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Trade mark revocation for non-use

Owning a trade mark can bring numerous benefits to your business. Once you own a trade mark you can use it, sell it or license it. In order to keep a fair, competitive marketplace, once your mark is registered you must continue to use it, otherwise you run the risk of having it revoked on the basis of non-use.

Our guide our trade mark solicitors will explain why you need to use your mark, what should you do if you receive a trade mark revocation action for non-use, and what to do if you want to revoke a trade mark registration.

Why it is important to use your trade mark?

In the UK and EU, your trade mark may be revoked if it has not been used during the 5-year period following the entry onto the trade marks register. Similar situations exist for other international trade mark systems but the time periods may differ.  Your trade mark may be liable for revocation if, within a continuous period of five years, it has not been put to genuine use:

  1. within the designated territories in which it is registered;
  2. in connection with the goods and services in respect of which it is registered; and
  3. there are no proper reasons for non-use.

It is important to use your trade mark correctly, as failure to do so may result in legal difficulties. For example, if a potential third party would use a similar mark to yours, and you tried to stop them from infringing your rights, it would be more difficult to take action. Similarly, it would be difficult to oppose new trade mark applications that are similar to yours. When making such claims, usually the other side will ask for evidence of use. If you do not provide sufficient evidence, it is unlikely your claim will be successful, and you may even leave yourself open to a counter claim.

What should I do if I receive a trademark revocation action for non-use?

If your mark is not used for a period of five years, it becomes vulnerable to attacks from potential third parties that may want to use the mark for themselves. If you have used your trade mark then you need to provide evidence of it.

When assessing what represents ‘genuine use’ of a trade mark, the Court of Justice of the European Union set out some guidelines in the landmark case Ansul BV v Ajax Brandebeveiliging BV, C-40/01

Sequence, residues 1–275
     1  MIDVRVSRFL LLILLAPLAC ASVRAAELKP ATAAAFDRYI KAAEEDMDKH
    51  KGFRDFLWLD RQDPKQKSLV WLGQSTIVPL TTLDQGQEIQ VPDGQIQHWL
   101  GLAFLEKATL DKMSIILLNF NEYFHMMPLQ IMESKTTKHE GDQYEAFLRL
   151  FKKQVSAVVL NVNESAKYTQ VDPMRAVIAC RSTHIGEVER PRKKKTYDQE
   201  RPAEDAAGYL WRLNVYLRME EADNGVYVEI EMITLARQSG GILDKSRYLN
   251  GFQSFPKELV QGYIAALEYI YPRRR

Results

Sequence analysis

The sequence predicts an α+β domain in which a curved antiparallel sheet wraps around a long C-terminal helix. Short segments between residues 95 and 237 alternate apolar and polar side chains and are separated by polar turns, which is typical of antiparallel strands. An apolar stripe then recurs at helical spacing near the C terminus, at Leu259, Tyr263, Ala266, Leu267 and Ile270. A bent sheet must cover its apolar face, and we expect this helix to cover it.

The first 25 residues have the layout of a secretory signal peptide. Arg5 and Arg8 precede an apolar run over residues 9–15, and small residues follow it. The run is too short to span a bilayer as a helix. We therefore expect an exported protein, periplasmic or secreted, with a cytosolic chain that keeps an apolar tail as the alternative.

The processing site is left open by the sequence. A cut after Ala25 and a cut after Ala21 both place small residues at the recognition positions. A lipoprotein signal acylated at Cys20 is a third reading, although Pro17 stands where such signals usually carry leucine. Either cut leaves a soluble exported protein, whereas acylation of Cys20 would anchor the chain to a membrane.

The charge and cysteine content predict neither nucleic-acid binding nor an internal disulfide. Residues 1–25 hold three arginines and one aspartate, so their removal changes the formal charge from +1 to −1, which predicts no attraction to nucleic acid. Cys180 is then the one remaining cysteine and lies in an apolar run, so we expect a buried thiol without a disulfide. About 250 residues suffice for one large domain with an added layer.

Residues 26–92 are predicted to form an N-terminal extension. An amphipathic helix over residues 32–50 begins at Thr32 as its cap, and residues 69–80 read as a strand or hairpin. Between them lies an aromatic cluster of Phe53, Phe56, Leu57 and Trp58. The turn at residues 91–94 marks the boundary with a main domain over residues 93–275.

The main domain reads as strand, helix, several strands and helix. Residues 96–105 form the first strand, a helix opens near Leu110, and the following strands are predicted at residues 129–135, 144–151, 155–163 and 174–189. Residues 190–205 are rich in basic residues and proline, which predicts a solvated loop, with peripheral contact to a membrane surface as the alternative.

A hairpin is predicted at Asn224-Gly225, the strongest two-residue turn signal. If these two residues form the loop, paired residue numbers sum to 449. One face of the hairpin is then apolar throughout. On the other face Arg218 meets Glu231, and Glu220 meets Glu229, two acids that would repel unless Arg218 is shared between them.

In the Ansul case, the mark ‘MINIMAX’ was registered for fire extinguishers and associated products, however, the owner of the mark had stopped producing and selling fire extinguishers. Ansul only continued to supply components and maintenance services to their customers who had already purchased MINIMAX extinguishers. The Court of Justice of European Union concluded that a mark’s use is genuine if it is being used by the proprietor of the mark or an authorized third party. They also stated that the use must be more than merely ‘token’, which, in this context, means that it must not serve solely to preserve the rights conferred by the registration.

 The use must be consistent with the essential function of a trade mark, which is to guarantee the identity of the origin of the goods or services. In addition, the use must be by way of real commercial exploitation of the mark on the market for the relevant goods or services, viewed in relation to the relevant economic sector, the nature of the goods and services at issue, the characteristics of the market concerned, and the scale and frequency of use. It is not necessary for the use of the mark to be quantitatively significant, as there is no de minimis rule.

Please note that your trade mark may not be revoked if, during the interval between expiry of the five-year period and filing of the application for revocation, genuine use of the trade mark has been started or resumed. 

If you happen to receive a trade mark revocation action it is important to contact a trade mark attorney to seek professional advice. At Harper James, our trade mark solicitors can advise you how to proceed, what evidence should be presented and how to respond to the revocation action so you can keep your trade mark.

Proper reasons for ‘non-use’

If you have not used your mark due to circumstances that are out of your control, it is possible to avoid cancellation. Proper reasons for non-use have to be significant and usually are related to import and export restrictions, national marketing limitations, extreme illness and acts, or events or circumstances beyond the control of the trade mark owner, such as natural disasters or war.